The Meaning of Vietnam
For American males of my generation-a lot of us anyway-when we hear the word “Vietnam” what we think of first is the war that took place in that country, rather than the country itself. The geographical names we learned were those connected with events: the “Gulf of Tonkin incident”, “the mining of Haiphong Harbor”, “the My Lai Massacre”….
The war years were formative for me, and to a large degree, American culture. Fault lines cracked open between old and young, those who went to war and those who didn’t, the establishment and rebels, between what we now easily identify as conservatives and liberals.
At the time it seemed like everyone was either for the war or against it. I was against it, even in my early teens. I was the 16-year-old farm boy wearing the “Peace Now” button, while a lot of my neighbours had “America-Love it or Leave it” bumper stickers on their pickup trucks.
I didn’t fight in Vietnam–I fought to stay out of a war I didn’t believe in. But the war was a part of my life, nonetheless. For years footage from the front lines was featured on the nightly news hour (before cable news, remember.) It was something many American families consumed with their dinner. Eventually anti-war protests across the US, and around the world, were also covered.
For myself, and a lot of other Americans I’m sure, Vietnam, the war, has remained a partially unhealed wound, like a bone that broke badly and mended poorly. This trip to Vietnam, the country, was an exorcism of sorts. It was an opportunity to overwrite what was essentially a symbol for me with impressions of a real place, with real people.
Today there is remarkably little evidence of the war in Vietnam, either physically, or in the attitudes of the people. The physical scars have mostly been erased–intentionally or by time–and people seem much more intent on looking forward rather than back. One man we spoke with, who was 12 years old when the war ended and had seen people blown open said, “Back then, us and the Americans were enemies. Now we are friends,” and made a gesture indicating not just friends, but close friends.
However a visit to Saigon’s War Remnants Museum is a sobering reminder that even if they may forgive, those who lived through the war can never forget. Neither can the second- and third-generation victims of the defoliant, Agent Orange, who live with birth defects, or those who, to this day, stumble across unexploded bombs dropped during the war.
The young seem to have little idea of or interest in the war. I chatted with a 20-something student in Hanoi. He wanted to practice his rudimentary English, and we covered the usual “Where are you from?” “How do you like Vietnam?” type questions. I took the opportunity to ask him what he knew about the war. He seemed a little bewildered by the question. I asked, “Are you taught anything about it?” He finally said simply, “America tried to conquer us, but it could not prevail.”
It is reassuring to see that communist Vietnam is doing reasonably well and that its people are warm and welcoming to everyone, even Americans. It has its problems, similar to most countries in this region, but if this is what 60,000 American soldiers died fighting to prevent (along with probably 20 times more Vietnamese on both sides), it was a tragic waste of life indeed.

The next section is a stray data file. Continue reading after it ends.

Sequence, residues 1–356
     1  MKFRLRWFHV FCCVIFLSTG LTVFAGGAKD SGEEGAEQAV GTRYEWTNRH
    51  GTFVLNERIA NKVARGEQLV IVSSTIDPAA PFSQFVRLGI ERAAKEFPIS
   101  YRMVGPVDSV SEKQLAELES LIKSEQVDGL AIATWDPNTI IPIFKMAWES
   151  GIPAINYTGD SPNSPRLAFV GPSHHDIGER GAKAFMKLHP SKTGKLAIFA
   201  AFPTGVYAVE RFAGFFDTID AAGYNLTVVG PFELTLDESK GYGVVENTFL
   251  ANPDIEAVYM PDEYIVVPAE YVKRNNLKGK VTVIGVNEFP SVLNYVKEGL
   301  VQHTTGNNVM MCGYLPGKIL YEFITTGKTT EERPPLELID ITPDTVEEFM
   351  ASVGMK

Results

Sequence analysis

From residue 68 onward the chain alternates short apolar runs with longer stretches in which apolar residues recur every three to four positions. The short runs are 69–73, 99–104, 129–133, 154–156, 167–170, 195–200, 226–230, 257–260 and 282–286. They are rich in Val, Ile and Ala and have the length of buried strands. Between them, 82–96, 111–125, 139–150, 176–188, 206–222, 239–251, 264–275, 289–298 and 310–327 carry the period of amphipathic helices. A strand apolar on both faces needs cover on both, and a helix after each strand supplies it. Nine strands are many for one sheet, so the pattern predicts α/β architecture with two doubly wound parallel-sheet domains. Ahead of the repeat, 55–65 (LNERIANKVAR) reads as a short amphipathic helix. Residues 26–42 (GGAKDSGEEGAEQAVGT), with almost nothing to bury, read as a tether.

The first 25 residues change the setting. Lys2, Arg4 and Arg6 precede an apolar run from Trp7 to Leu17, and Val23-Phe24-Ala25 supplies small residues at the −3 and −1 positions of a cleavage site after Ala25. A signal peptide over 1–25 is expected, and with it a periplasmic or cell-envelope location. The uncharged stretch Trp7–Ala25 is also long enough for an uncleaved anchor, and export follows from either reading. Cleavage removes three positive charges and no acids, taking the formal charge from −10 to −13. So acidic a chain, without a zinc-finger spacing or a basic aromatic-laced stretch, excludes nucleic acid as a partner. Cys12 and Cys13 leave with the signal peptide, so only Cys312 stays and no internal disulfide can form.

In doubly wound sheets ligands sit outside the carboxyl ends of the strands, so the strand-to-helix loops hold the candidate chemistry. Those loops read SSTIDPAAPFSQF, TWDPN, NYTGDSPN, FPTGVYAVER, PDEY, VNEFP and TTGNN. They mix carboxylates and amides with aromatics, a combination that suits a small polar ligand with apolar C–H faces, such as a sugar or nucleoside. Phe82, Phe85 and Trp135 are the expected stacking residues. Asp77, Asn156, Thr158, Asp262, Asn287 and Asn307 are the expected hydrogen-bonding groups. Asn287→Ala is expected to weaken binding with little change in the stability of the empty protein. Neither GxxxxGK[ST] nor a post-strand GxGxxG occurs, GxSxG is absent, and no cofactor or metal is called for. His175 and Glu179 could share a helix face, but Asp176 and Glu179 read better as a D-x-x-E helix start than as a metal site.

I think the effects of losing the war in Vietnam are still being felt in the US; there are those who remember the sting of defeat. A lot of people want to “make America great again” and get back to a time when we were “winners.” They want a do-over, if not in Vietnam, then some other foreign country. And if they can find some foreigners closer to home to kick around, that will do in the meantime.
I wonder how many of those people have ever traveled to another country. I’m not saying you come back feeling warm and fuzzy about everyone you meet (I have a short list of tourists from certain countries I’d rather not be around) but something you learn is people everywhere are pretty decent, trying to get by like everyone else.
I can’t say I’ve come to understand Vietnam or its people in the month we’ve been here. But at least now it is something apart from the war that took place here…the war that in Vietnam is known as “the American War.”
Thanks for the update and your comments about your experiences in visiting Vietnam….. As you may recall, we were born in the same week in December, 1952….. So I grew up at the same time and had to come to grips with the Vietnam War also…. For me, of course, it was as a Canadian, but I remember discussing the war with my friends back then and how if we had been born only a couple of hundred miles further South, we would likely be living the war experience in a much different way….
When I travelled in Vietnam in 2002, I observed the same attitude with the local people….. a desire to live in the present and think about the future….. Not much focus on the past. I came away thinking that that was probably a good way to live one’s life!!!
Thanks again for sharing…… And I hope that my name isn’t on that “list of tourists” that you mentioned in your message!!! 🙂
Quite the opposite Denis, you are high on my list of people I’d like to run into again on my travels. Hope it works out someday.
Travel very well dear friends… I so love reading your posts…xoxo